Gandhi begins fast in protest of caste separation - HISTORY
Year
1932

Gandhi begins fast in protest of caste separation

On this day in 1932, in his cell at Yerovda Jail near Bombay, Mohandas Karamchand Gandhi begins a hunger strike in protest of the British government’s decision to separate India’s electoral system by caste.

A leader in the Indian campaign for home rule, Gandhi worked all his life to spread his own brand of passive resistance across India and the world. By 1920, his concept of Satyagraha (or “insistence upon truth”) had made Gandhi an enormously influential figure for millions of followers. Jailed by the British government from 1922-24, he withdrew from political action for a time during the 1920s but in 1930 returned with a new civil disobedience campaign. This landed Gandhi in prison again, but only briefly, as the British made concessions to his demands and invited him to represent the Indian National Congress Party at a round-table conference in London.

After his return to India in January 1932, Gandhi wasted no time beginning another civil disobedience campaign, for which he was jailed yet again. Eight months later, Gandhi announced he was beginning a “fast unto death” in order to protest British support of a new Indian constitution, which gave the country’s lowest classes–known as “untouchables”–their own separate political representation for a period of 70 years. Gandhi believed this would permanently and unfairly divide India’s social classes. A member of the more powerful Vaisya, or merchant caste, Gandhi nonetheless advocated the emancipation of the untouchables, whom he called Harijans, or “Children of God.”

“This is a god-given opportunity that has come to me,” Gandhi said from his prison cell at Yerovda, “to offer my life as a final sacrifice to the downtrodden.” Though other public figures in India–including Dr. Bhimrao Ramji Ambdekar, the official political representative of the untouchables–had questioned Gandhi’s true commitment to the lower classes, his six-day fast ended after the British government accepted the principal terms of a settlement between higher caste Indians and the untouchables that reversed the separation decision.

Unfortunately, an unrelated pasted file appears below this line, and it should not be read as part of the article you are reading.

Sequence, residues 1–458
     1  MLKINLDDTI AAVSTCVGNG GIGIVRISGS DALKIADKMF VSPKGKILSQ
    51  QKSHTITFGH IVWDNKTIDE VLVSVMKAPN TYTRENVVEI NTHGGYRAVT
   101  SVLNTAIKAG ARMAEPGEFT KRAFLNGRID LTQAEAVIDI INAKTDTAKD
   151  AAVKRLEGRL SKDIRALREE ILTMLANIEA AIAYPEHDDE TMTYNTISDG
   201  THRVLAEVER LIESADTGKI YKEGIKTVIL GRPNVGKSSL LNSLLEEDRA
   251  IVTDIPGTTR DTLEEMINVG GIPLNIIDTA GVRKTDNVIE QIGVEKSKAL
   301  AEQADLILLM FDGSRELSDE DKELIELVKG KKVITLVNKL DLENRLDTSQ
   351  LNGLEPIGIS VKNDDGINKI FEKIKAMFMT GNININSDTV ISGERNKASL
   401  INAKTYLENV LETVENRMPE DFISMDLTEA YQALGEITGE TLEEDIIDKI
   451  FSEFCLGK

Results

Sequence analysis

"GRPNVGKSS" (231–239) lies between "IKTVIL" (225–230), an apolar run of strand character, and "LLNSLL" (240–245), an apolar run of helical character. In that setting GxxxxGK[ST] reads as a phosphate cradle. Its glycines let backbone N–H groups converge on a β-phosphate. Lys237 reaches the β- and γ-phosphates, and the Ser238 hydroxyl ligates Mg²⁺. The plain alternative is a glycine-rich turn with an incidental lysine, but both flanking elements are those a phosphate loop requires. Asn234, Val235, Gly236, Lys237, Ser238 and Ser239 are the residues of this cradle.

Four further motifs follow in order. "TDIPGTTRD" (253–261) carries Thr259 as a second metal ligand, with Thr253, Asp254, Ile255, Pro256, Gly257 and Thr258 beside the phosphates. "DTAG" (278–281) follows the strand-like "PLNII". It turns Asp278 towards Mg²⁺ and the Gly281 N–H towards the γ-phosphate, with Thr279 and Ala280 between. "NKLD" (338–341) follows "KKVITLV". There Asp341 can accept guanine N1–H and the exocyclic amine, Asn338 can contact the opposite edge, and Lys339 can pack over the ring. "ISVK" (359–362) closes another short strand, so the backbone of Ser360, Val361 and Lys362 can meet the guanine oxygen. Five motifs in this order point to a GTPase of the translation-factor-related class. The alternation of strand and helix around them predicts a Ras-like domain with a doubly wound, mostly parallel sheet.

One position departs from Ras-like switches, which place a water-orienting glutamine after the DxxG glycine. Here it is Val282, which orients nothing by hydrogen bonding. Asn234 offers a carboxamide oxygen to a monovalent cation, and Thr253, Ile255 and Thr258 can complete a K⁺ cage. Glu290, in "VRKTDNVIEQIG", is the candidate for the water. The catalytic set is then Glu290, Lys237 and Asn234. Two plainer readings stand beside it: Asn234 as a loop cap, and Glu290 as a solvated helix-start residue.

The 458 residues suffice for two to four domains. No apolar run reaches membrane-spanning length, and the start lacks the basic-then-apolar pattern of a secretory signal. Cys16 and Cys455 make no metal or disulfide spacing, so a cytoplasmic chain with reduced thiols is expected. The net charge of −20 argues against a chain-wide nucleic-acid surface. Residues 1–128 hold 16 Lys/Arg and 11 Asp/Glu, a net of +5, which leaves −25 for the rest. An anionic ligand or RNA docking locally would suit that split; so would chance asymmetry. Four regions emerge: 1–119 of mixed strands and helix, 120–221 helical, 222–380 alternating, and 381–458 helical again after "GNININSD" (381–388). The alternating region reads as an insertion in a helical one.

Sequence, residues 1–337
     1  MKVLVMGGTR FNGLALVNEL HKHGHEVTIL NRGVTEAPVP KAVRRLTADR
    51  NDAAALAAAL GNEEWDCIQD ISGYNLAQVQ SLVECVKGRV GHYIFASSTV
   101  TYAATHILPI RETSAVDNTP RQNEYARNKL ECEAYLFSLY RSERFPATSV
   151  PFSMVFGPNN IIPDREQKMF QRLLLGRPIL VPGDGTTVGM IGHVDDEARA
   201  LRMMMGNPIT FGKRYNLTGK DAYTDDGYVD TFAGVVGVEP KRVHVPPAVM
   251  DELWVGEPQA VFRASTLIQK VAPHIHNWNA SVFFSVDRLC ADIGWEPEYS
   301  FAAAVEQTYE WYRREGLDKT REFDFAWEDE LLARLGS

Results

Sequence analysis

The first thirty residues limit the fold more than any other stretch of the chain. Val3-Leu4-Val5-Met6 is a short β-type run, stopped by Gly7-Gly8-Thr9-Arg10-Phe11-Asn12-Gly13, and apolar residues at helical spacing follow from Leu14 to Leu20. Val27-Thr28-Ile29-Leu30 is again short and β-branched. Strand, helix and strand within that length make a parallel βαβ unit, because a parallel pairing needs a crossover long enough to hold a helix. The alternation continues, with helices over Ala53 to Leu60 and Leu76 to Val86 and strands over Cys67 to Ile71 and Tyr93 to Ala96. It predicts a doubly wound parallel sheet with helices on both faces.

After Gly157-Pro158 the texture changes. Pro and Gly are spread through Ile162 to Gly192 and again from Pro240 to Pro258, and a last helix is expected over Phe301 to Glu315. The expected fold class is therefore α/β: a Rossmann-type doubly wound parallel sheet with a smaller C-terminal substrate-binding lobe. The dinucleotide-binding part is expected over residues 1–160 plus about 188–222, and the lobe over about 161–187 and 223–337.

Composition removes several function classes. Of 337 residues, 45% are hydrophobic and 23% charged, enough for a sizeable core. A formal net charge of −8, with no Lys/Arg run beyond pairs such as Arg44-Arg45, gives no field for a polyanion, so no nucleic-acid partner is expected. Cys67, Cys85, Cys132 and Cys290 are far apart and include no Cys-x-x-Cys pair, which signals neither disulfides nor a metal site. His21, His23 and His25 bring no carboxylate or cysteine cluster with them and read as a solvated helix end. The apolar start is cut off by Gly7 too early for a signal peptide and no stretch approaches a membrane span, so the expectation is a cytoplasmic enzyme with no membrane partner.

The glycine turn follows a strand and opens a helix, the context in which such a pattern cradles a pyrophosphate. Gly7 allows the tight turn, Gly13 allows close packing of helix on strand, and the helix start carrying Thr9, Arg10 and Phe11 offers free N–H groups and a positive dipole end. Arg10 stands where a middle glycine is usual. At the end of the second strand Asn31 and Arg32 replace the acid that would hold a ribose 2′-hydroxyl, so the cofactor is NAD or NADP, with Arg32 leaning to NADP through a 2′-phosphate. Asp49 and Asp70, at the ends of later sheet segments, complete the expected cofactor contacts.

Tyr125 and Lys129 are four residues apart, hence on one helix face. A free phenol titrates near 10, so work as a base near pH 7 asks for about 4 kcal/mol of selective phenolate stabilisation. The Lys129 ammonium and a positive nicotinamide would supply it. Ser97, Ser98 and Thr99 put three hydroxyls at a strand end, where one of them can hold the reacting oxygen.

As India slowly moved towards independence, Gandhi’s influence only grew. He continued to resort to the hunger strike as a method of resistance, knowing the British government would not be able to withstand the pressure of the public’s concern for the man they called Mahatma, or “Great Soul.” On January 12, 1948, Gandhi undertook his last successful fast in New Delhi, to persuade Hindus and Muslims in that city to work toward peace. On January 30, less than two weeks after breaking that fast, he was assassinated by a Hindu extremist on his way to an evening prayer meeting.

ALSO ON THIS DAY

Gunman kills 12 in D.C. Navy Yard massacre

On this day in 2013, a 34-year-old man goes on a rampage at the Navy Yard in Washington, D.C., killing 12 people and wounding several others over the course of an hour before he is fatally shot by police. Investigators later determined that the gunman, Aaron Alexis, a computer ...read more

Massacres at Sabra and Shatila

Hours after the Israeli forces enter West Beirut, Phalangist militiamen begin a massacre of Palestinians at the Sabra and Shatila refugee camps. Within two days, 1,000 men, women, and children were dead.The Phalangists, a Christian faction in Lebanon, were closely allied with ...read more

Mayflower departs England